GovernmentThe Examiner

Summit Club, North Castle Scuffle Over Conservation Easement

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North Castle officials and the principal of the Summit Club were at odds last week over whether a conservation easement is needed for the 130-acre golf course despite a deed restriction prohibiting further development.

The town’s Open Space Committee has recommended the Town Board require the Summit Club to agree to the easement to ensure that if the golf course ever ceased to operate the land would remain open. The town and Summit have agreed on that point through the deed restriction.

The Summit Club is looking to build 72 luxury condominiums that will be on 26 adjoining acres at the same site on Bedford Road in Armonk.

Last Wednesday evening, Open Space Committee Chair Kerri Kazak said the Town Board approved the rezoning under the assumption of having a third party hold the easement in order to enforce the restriction.

“The purpose of an independent third party would be to hold an extra layer of expertise in monitoring and enforcing the easement and an extra layer of protection should the parties want to modify or amend the easement at a later date, the overall goal being continued protection of this parcel of open space,” Kazak said.

Among the chief concerns outlined by the committee was how payments would be made to make sure the easement would be adhered to and how a transition from a golf course to open space would be executed.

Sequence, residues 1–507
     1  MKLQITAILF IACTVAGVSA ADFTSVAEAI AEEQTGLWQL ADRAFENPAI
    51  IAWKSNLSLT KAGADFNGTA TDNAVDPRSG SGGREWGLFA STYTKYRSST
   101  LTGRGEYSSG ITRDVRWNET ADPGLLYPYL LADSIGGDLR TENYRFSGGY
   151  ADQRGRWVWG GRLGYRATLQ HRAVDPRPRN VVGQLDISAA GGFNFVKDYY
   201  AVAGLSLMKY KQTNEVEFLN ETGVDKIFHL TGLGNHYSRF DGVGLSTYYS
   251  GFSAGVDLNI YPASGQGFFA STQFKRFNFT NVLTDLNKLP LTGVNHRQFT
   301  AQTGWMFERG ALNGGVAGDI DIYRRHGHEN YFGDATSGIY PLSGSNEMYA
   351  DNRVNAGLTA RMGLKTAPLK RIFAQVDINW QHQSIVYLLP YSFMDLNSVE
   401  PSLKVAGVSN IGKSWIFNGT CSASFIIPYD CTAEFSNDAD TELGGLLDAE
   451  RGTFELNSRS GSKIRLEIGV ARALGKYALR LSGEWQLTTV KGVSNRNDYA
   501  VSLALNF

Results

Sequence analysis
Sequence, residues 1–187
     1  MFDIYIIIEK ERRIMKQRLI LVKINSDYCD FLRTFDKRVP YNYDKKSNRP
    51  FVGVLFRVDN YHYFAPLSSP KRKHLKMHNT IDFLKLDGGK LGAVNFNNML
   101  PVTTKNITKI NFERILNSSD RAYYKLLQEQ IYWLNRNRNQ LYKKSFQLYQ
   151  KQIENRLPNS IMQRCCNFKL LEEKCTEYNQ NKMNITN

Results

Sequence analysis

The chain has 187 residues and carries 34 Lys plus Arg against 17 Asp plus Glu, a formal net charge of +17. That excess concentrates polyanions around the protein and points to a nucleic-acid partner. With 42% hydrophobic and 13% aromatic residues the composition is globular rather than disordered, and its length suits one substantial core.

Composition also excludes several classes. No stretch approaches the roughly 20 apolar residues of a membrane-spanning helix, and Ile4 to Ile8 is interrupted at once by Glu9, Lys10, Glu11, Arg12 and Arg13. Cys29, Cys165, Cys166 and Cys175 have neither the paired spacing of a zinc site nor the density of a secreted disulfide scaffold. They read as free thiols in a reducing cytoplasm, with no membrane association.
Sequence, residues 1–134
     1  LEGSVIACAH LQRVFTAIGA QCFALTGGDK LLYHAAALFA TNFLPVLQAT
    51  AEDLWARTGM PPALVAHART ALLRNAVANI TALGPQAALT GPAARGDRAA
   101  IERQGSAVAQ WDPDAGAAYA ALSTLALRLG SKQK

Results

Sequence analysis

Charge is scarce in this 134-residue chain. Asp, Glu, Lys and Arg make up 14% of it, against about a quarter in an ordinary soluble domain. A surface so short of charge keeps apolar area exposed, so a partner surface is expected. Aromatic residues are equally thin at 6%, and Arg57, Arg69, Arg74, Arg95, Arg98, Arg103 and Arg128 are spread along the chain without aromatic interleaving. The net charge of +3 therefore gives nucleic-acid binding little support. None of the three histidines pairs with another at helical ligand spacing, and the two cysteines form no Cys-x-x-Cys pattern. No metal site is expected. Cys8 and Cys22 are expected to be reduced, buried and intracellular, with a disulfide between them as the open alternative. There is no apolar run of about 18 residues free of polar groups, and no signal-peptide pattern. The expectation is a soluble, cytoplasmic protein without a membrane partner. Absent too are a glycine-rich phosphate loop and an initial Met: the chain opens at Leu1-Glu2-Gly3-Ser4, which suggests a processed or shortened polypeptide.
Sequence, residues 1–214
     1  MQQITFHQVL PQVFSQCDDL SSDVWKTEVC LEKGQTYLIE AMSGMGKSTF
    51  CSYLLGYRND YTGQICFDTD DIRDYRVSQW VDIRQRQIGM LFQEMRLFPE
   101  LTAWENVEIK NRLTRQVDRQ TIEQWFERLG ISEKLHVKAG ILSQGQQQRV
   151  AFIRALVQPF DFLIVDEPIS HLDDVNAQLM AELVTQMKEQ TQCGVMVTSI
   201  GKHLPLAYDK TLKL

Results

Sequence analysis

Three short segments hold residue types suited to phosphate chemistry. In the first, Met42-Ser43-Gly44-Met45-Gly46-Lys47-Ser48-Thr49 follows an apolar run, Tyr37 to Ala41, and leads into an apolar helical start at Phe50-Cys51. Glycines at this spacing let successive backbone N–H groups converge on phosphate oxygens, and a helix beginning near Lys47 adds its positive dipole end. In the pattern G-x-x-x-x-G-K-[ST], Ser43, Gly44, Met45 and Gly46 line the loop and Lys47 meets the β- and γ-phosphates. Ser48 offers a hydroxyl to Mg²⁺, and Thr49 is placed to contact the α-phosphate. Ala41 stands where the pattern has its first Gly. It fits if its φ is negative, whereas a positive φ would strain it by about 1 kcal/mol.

Kazak said following the 2015 Town Board rezone of the property, the committee contacted two organizations in hopes of finding a holder for the easement – the Westchester Land Trust and the Pennsylvania-based North American Land Trust. The applicant agreed to go with the North American Land Trust, she said.

A $40,000 payment would be required for legal work and other tasks and there would also be a $100,000 stewardship fee. However, to avoid having the Summit Club pay the $100,000 up front, the money would come from the future condominium unit owners when they buy the residences. About $1,500 would be added onto the purchase price for units that are estimated to cost $2.5 million, Kazak said.

However, Jeffrey Mendell, the principal for the Summit Club, said while he agrees with the town’s goal of protecting the land as open space, his enterprise should not have to pay for it nor encumber future residents. In 2019, Summit agreed to the deed restriction.

“We still object to the idea of a third party being brought in at our expense and/or future residents’ expense, and I don’t think I’m going to change my mind on that,” Mendell said. “The town has the right to bring in a third party and pay for it themselves. If you want to do that, be my guest.”

Supervisor Michael Schiliro said the benefit of having a third party hold the conservation easement is to guard against a future board easily dissolving the deed restriction.

“You want to have that check and balance where there’s a third party, to put a check on a board in 10 years that says ‘We need assessables, we’ll get to build on this,’” Schiliro said. “We don’t want that to happen.”

Councilwoman Barbara DiGiacinto echoed those thoughts of having a third party, particularly one that is knowledgeable about open space.

In 2015, the board approved the Golf Course Community Floating Overlay District to allow the project. In 2019, the parcel was subdivided to separate the course from the residential use.

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